This is less of a response than it is a prompt for my own exploration of her point.
It reminded me of something I realized as a child, that I had to turn to my mum and voice it out loud such was my incredulity. That realisation was that men and women who cook on television are presented very differently – they’re even referred to as different things.
Have you ever noticed that the female cook is referred to as a ‘cook’, and a male cook is referred to as a ‘chef’? It seems that the moment a process becomes professional or prestigious, men snap it up and snap up the better name for it, too. Suddenly women don’t belong in the kitchen if that kitchen is a 5-star restaurant or food critic job. Chef. How crisp is that to say? A chef can remind you of a proper, paid person who cooks in a big restaurant and knows all of the awesome meals. A chef wears a white hat and jacket and is in charge of a kitchen. A cook, on the other hand, is a person who runs the school cafeteria; chunky, rushed, red-faced and serving cole-slaw and suspicious meats to children, because women and children go together don’t they? A cook is also found in the kitchen of a home, perhaps big breasted and homely, cooking in a big pot over a fire and is very much a woman. Calling a man ‘cook’ just doesn’t fit as well.
Perhaps it’s just me, but the imagery of these words has come from reality. When I worked in a kitchen, the male chefs ate lunch together and left the female to herself to run the kitchen. When they had finished (there wasn’t really a time limit) they’d saunter back and take over without a word to her, and she would then take her own break with an allocated time period. Plus, the television thing.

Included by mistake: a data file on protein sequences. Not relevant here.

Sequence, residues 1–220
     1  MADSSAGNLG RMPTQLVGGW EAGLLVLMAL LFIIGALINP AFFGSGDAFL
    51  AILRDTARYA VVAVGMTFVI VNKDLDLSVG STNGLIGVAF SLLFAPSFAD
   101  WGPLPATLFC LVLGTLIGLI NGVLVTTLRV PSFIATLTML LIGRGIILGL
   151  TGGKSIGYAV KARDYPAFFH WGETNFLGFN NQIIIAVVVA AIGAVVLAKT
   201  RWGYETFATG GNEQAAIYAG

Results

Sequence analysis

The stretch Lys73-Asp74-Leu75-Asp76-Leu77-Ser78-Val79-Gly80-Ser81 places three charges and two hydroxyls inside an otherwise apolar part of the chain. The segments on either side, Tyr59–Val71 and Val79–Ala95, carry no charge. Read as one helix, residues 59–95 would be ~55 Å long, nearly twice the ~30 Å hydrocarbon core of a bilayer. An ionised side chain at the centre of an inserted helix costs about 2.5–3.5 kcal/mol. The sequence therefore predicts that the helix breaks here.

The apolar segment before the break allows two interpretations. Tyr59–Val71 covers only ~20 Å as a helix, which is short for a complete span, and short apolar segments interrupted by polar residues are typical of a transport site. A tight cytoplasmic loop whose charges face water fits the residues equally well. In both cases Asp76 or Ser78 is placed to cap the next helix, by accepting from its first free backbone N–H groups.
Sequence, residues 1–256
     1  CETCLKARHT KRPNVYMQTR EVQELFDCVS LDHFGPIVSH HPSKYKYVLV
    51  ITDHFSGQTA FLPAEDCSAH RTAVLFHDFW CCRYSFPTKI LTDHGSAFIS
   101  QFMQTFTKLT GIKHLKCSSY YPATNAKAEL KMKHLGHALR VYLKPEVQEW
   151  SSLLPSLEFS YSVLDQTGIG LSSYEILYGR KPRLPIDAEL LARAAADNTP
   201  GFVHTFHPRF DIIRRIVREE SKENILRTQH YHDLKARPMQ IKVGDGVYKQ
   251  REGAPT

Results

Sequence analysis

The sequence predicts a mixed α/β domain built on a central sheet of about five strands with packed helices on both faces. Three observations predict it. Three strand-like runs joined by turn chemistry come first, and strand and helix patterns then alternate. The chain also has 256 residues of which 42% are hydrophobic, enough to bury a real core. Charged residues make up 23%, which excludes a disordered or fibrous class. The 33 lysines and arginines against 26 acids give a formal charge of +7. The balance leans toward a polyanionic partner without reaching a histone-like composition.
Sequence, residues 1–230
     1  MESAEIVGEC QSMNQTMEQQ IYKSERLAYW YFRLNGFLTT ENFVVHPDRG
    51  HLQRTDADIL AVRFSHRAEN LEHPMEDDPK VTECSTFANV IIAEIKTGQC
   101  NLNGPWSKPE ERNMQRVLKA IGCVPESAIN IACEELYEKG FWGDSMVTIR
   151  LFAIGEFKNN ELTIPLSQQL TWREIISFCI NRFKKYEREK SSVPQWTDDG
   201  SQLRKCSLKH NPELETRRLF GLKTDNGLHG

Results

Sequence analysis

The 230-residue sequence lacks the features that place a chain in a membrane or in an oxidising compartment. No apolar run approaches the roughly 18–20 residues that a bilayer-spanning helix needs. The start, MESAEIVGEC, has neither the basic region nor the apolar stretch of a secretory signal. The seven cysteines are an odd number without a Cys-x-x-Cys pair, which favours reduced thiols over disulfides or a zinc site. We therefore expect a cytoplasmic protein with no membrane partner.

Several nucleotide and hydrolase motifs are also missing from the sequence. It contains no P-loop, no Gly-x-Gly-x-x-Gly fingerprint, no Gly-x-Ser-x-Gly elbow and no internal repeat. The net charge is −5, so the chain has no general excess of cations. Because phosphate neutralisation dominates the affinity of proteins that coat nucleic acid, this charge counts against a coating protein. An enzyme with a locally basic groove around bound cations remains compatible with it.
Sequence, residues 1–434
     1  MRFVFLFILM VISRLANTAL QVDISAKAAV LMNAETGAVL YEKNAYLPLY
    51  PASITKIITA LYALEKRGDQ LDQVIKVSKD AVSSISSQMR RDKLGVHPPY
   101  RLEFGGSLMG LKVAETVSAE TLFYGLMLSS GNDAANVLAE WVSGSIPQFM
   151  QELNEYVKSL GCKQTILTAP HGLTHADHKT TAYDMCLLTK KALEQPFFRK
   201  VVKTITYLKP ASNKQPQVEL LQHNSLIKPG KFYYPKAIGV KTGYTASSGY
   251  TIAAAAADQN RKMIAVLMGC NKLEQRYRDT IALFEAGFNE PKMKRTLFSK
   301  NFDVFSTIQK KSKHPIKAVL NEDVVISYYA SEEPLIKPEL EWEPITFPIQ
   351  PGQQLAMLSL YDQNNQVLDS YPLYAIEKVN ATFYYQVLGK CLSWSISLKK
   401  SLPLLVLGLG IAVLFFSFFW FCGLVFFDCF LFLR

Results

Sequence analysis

To some readers, this kind of a post would seem nit-picky and pointless – bloody feminists being so feminsty and kicking up a stink over nothing, right? – but the issue isn’t precisely the words, it’s that we have the response to use these words. It’s not ‘chef’ or ‘cook’, it’s saying that one is better than the other even if the salmon is cooked the same. It’s how the same job is automatically seen as being more professional when a man does it, because men are, of course, worth so much more.
This ties into the entire workforce and the demand for equal pay and equal opportunity and equal respect, all of it. Language is part of this society and world and it has a subtle but real place in all of things. Those who belittle language don’t seem to realise that language does have meaning – after all, that’s why we invented words, so we could convey meaning.
Perhaps it isn’t majorly important, but I really just find it interesting. A kind of ‘oh’ moment that makes you have a think about how the construction of society takes place even in our vocabularies. What’s wrong with commenting on that? Does everything have to be extremely important or else not written at all? If that were the case, a lot of our blog content would be removed immediately. Except for my post about a dog, which was obviously ground-breaking news for everyone.